While HealthKit is delayed, I did get lucky and get a few apps upgraded before they got pulled. It’s clearly buggy. Some of my calories are showing up at intermittent periods. I wasn’t able to get Runkeeper updated (assuming it ever went live) so none of my workouts show up.

What will be great is when all of this data shows up in one dashboard. One of the challenges I have now is disparate data stored in different apps and no easy way to track some of the data. I also look forward to the M8 chip tracking a lot of data I won’t have to worry about taking a long walk and forgetting to launch Runkeeper.

Final Thoughts

While I hope these tools will aid me in my weight loss, they aren’t a substitute for hard work, eating right, and getting off my lazy butt and exercising.

However, these tools will remove the temptation to put in my tracker I ate less than I really did, or say I took a longer walk than I did because my tools are tracking a lot of that data accurately. For someone that is as data-driven as I am, I am optimistic I will be successful again.

I don’t want to die.

13 Responses to “How I plan to use Apple’s HealthKit and other fitness-tracking apps to help save my life”

  1. While you are expanding your library, consider “Health At Every Size” by Dr Linda Bacon. I agree with newgirl2033 that different options work for different people — Health At Every Size (HAES) presents a paradigm shift that offers a different, evidence-based approach to finding health and wellness. Good luck!

  2. I love how people who aren’t doctors make proclamations about food science, while every Joe Shmoe thinks they know what works and what doesn’t for a health regimen, despite not having a PhD in psychology.

    If it works for you, keep it up. If it doesn’t, try something else. Calorie counting DOES work if done accurately. I’m inclined to think fad diets work by incidentally restricting calories, but what do I know? All I know is, as an athlete, tracking not only calories but hydration and nutrients is key. And, again speaking for myself, HealthKit/Health App and possibly the Apple Watch will make that easier.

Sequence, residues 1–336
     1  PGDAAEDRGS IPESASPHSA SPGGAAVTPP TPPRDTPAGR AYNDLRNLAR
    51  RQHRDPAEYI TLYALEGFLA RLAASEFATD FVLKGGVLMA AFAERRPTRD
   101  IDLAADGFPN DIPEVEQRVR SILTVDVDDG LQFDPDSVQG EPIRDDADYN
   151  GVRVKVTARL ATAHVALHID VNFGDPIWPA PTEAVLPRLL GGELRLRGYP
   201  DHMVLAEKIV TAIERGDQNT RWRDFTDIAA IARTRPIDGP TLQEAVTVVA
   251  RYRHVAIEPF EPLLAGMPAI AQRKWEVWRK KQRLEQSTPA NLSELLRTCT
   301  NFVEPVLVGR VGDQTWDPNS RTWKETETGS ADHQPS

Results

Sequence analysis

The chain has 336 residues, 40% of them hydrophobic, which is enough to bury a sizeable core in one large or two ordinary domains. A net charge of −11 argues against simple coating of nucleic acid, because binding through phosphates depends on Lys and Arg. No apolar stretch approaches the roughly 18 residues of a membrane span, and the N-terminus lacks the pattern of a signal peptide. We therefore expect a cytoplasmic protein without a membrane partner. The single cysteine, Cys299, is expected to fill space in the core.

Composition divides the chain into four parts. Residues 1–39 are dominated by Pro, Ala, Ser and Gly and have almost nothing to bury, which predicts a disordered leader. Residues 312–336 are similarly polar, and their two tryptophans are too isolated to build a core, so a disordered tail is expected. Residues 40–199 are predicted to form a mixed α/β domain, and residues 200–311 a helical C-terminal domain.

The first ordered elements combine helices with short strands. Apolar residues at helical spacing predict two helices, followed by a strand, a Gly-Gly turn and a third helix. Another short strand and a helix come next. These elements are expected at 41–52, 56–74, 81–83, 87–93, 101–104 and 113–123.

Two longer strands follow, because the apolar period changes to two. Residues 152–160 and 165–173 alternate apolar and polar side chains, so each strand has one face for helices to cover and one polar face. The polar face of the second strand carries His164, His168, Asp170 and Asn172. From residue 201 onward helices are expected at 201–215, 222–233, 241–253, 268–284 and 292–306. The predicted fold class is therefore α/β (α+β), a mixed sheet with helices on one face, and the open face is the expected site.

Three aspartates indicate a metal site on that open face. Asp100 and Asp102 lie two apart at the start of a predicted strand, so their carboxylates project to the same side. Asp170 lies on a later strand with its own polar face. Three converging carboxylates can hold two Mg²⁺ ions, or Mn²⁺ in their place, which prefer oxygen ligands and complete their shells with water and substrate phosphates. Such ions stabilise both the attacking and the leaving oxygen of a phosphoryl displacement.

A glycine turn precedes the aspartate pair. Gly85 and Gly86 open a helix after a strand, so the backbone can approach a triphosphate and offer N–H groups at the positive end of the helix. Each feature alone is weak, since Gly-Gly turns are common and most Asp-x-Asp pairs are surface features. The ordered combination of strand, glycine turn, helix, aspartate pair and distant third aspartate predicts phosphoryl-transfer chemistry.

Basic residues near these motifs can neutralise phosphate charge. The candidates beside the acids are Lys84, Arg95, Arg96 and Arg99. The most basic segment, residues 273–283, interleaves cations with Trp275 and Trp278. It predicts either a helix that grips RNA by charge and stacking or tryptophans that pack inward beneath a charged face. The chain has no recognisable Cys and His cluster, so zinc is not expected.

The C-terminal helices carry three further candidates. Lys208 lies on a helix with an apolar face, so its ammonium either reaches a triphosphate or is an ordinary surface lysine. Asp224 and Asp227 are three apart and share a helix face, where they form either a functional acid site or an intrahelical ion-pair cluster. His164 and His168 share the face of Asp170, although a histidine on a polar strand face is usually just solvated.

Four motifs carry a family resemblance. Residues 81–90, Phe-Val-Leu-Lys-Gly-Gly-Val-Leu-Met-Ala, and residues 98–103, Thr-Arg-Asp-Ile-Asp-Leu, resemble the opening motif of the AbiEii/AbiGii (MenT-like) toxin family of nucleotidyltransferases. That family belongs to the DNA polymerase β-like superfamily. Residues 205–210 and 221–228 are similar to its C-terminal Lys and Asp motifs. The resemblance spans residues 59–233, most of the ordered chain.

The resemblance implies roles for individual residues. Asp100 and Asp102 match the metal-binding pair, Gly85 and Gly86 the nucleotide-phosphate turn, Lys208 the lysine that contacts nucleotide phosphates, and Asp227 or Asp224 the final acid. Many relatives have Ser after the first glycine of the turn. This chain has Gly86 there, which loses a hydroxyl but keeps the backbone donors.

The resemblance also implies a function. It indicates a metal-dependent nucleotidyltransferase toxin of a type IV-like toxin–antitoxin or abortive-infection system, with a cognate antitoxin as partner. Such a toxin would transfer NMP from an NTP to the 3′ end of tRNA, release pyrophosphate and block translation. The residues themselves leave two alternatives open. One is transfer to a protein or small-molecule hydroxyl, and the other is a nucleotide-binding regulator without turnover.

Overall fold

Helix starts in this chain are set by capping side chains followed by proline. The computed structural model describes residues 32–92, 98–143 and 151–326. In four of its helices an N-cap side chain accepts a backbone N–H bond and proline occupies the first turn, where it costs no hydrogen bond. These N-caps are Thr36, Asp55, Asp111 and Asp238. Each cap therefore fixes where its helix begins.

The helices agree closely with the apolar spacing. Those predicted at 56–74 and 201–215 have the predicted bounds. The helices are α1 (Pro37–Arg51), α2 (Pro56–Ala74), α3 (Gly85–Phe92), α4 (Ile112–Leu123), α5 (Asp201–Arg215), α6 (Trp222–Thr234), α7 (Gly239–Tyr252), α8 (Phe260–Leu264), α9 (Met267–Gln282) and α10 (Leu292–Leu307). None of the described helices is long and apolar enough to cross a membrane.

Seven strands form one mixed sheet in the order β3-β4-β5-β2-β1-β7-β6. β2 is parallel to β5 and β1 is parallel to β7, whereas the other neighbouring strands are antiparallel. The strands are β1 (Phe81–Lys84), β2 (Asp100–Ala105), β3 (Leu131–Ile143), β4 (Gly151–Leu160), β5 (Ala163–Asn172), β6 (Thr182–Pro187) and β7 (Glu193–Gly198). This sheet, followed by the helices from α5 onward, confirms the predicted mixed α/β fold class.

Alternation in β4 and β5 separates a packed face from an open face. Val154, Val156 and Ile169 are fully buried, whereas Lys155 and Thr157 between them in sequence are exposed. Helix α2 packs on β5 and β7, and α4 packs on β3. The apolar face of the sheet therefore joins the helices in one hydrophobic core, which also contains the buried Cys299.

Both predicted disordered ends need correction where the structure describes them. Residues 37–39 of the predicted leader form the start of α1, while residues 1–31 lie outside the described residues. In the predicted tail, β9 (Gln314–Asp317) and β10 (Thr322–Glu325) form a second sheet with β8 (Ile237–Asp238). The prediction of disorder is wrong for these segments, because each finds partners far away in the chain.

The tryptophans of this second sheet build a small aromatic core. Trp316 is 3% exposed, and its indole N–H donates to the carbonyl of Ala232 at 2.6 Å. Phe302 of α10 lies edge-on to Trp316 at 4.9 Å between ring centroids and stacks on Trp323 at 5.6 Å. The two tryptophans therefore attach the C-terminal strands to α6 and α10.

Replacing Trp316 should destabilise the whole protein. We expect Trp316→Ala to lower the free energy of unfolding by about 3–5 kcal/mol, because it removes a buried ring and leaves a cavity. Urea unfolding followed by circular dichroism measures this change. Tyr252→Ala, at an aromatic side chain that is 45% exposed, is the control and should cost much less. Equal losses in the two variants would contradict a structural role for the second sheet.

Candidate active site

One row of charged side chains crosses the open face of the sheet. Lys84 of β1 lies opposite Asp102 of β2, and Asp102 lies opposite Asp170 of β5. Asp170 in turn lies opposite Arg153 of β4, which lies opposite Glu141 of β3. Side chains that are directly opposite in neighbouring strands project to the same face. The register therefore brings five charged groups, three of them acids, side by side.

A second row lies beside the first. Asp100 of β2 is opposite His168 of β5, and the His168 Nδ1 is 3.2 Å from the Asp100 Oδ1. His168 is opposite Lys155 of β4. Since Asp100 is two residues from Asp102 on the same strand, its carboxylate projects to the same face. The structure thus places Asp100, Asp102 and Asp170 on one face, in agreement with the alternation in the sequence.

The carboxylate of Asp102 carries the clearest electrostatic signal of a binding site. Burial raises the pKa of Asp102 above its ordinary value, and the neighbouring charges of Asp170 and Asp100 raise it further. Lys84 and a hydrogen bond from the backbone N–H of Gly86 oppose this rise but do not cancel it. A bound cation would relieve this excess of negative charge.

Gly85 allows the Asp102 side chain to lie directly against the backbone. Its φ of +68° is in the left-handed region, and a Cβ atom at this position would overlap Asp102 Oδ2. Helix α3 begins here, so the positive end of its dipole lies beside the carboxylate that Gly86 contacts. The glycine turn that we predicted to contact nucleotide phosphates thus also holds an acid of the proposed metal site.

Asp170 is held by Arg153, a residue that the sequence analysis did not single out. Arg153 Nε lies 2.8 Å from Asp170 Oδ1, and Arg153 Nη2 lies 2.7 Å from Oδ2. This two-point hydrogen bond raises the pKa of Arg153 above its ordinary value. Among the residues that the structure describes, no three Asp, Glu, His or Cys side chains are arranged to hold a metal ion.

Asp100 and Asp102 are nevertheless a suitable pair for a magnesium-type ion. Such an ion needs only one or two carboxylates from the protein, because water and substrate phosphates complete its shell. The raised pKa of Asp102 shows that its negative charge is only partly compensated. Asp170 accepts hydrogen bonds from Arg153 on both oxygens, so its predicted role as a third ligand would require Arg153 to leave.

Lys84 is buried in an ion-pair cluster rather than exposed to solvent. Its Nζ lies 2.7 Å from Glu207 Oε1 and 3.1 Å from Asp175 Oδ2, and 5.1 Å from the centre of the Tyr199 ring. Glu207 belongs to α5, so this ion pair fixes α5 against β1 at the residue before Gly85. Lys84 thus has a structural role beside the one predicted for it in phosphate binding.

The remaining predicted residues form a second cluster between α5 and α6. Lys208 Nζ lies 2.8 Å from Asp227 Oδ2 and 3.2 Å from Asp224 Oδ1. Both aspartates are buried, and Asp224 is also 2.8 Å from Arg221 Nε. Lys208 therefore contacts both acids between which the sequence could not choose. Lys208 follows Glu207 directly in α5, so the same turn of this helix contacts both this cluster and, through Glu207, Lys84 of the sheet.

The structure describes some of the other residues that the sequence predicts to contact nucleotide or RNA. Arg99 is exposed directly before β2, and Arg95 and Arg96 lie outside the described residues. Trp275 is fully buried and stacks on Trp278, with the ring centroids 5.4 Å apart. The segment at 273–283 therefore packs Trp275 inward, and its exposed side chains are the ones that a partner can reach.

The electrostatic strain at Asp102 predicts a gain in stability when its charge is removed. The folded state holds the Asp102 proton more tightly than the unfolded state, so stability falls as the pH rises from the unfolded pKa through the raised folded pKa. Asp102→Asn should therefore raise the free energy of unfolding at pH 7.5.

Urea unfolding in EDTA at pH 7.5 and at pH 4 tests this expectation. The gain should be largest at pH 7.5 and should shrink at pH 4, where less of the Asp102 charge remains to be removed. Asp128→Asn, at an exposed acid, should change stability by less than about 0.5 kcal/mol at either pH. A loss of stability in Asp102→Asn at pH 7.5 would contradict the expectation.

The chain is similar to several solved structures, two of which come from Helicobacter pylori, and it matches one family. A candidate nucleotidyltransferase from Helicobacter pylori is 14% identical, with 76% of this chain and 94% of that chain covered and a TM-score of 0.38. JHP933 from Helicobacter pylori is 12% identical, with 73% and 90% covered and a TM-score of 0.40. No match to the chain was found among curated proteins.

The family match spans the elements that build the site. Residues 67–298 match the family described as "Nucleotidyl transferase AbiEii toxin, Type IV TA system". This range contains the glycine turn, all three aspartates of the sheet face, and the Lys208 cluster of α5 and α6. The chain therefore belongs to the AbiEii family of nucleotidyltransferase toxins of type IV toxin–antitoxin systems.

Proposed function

Good luck, have fun… and don’t die.

  3. If you are looking towards technology you will likely fail.

    Discipline, exercise and eat well is all about you, not fancy gadgets and software.

    The time will come when temptation rares its ugly head, you need strength to say no to a bad meal, yes to going to exercise.

    You may need to change the company you keep if they are no help you meet your goals.

  4. Alex Villa

    I absolutely agree, Gary Taubes book “Why We Get Fat” changed my life. I’d been trying to loose weight for twenty-five years and could never stick to a diet. But after switching to eating healthy fats and low carb, I’ve lost 45lbs and been able to keep it off for two years. My blood pressure is lower then it’s ever been, and I haven’t felt this well since my twenties.

  5. John Burridge

    I echo the Taubes recommendation! If you don’t want to read his book just yet, maybe check out his New York Times article called “What if it’s all been a big fat lie?”. Maybe then check out Taubes on Youtube if you don’t have time to read it. Low-fat/Excercise paradigm is broken. I’ve had success and then failure on Weight Watchers, success and failure on low-carb, but getting back into low-carb because the science is just so damn good.

  6. nutritionmuscle

    Can’t afford weight watchers so user the new iPhone plus and watch? Think that shows level of commitment. Been where you are and have kept off the extra 200 lbs. Take effort and self control. Not an iPhone. Get apples not Apple.

  7. cumiastowski

    Mark – we don’t want you to die either! Science proves that counting calories is not the best approach. The one that works for people in your situation is to dramatically cut down on grains and sugar. Add back healthy fats. This is the single most important change you can make. Track it if you wish, but all you need to do is this, plus eat only when actually hungry. Suggested reading is “why we get fat ” by Gary Taubes.

    • This is actually not true — it’s faddish to think as much, but in fact, the metabolically controlled studies (ie inputs and outputs fully tracked vs self-reported) establish energy balance as the key.

      I recommend skipping Taubes, and reading Anthony Colpo’s “Fat Loss Bible” for tons of references on these studies. Also, Tom Venuto’s “Burn the Fat, Feed the Muscle” is a great hands-on guide to making lasting health and physique changes.